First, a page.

My conclusion remains: Windows Security Essentials works, it's easy to use, and it mostly runs invisibly. I know from experience that it works with Windows 7 and Windows XP, and I used the beta version with Vista before I converted the last Vista system at Chaos Manor to Windows 7. WSE is free, and it's my understanding that it would be built into Windows 7 if Microsoft weren't fearful of monopoly accusations, particularly in Europe. It doesn't take more than fifteen minutes to download and install WSE, and the first Quick Scan won't take much more time than that - at least it hasn't on my system with 200 GB of files. (Full scan takes hours; I schedule one at 3 AM each Sunday.) WSE replaces previous Microsoft anti-virus scanners such as OneCare - it also runs faster. All told WSE is a lot more than good enough, and the price is right. Recommended.

What Kept Them?

It's a bit odd that it took Microsoft a decade before the company brought out an anti-virus system. Surely Microsoft had the capability to do that long ago, and it isn't unreasonable to expect to find something like that built into the operating system itself. After all, the OS knows how to find and examine files better than any third party program could.

It's only a guess, but I think I have an explanation. Bill Gates famously said "In 1989 I went to all the software developers and asked them to write applications programs for Microsoft Windows. But they wouldn't do it. So I went to the Microsoft Applications Group, and they didn't have that option."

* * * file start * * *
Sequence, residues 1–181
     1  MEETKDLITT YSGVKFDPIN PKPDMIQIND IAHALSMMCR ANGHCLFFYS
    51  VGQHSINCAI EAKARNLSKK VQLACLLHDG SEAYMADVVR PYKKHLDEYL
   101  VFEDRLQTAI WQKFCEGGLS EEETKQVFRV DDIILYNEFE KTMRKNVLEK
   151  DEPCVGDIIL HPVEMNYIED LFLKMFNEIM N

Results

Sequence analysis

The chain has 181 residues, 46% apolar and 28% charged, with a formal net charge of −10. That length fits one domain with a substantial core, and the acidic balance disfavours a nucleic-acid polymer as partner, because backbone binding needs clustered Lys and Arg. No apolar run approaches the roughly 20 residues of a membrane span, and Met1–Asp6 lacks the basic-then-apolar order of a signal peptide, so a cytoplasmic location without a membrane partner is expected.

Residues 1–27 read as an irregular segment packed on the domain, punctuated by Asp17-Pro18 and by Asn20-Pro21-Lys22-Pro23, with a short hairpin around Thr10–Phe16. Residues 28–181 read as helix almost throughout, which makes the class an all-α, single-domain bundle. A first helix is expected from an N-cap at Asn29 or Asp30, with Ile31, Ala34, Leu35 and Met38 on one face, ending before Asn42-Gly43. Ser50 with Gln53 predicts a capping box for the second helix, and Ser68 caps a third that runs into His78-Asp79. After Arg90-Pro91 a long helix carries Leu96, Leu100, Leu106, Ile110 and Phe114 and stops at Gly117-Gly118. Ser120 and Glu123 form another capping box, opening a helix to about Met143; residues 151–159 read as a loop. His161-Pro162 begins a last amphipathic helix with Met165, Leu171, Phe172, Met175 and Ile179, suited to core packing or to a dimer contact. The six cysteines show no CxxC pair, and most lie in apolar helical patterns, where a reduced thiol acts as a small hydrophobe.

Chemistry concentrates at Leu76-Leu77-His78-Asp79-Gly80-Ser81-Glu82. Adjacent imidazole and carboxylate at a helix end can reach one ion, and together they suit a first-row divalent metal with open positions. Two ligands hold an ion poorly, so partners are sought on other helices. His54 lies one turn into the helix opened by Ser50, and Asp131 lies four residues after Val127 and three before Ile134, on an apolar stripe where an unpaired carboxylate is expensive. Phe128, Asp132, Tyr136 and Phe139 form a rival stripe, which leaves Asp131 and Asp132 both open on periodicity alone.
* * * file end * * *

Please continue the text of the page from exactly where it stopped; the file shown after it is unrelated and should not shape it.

That's a fairly accurate account of what happened, but it leaves out the exceptions. Back when Commander Gordon Eubanks ran Symantec, he put a lot of effort into writing applications for Microsoft Windows, and after Symantec acquired Peter Norton's company in 1990, Norton Software switched to writing anti-virus applications in Windows (from DOS where Norton programs had a well deserved high reputation). Norton Anti-Virus was an early and effective Windows application. I recommended it at the time.

Bill Gates was fairly careful not to harm the early third party Windows software developers. He was also friends with Eubanks. That, I think, is why Microsoft didn't develop or buy its own anti-virus software until rather late in the game.

Others would say that Microsoft didn't get security conscious until just before the millennium, and not doing anti-virus software was just a symptom of that.

Whatever the reason, it took Microsoft quite a long time to get into the virus prevention business, but now that they've done so it will be interesting to see what happens to the third party security software developers. I don't predict a very bright future for them.

Windows 7 and Office 2007 at Chaos Manor

I have not installed Windows 7 on my laptops. Orlando, the t42P ThinkPad, is sort of at the margin when it comes to hardware capability, and since I am still in the process of moving to the Apple MacBook Pro as my road machine, I am taking no chances with Orlando; he'll stay with XP until or unless I hear reliable reports of Windows 7 on a t42P.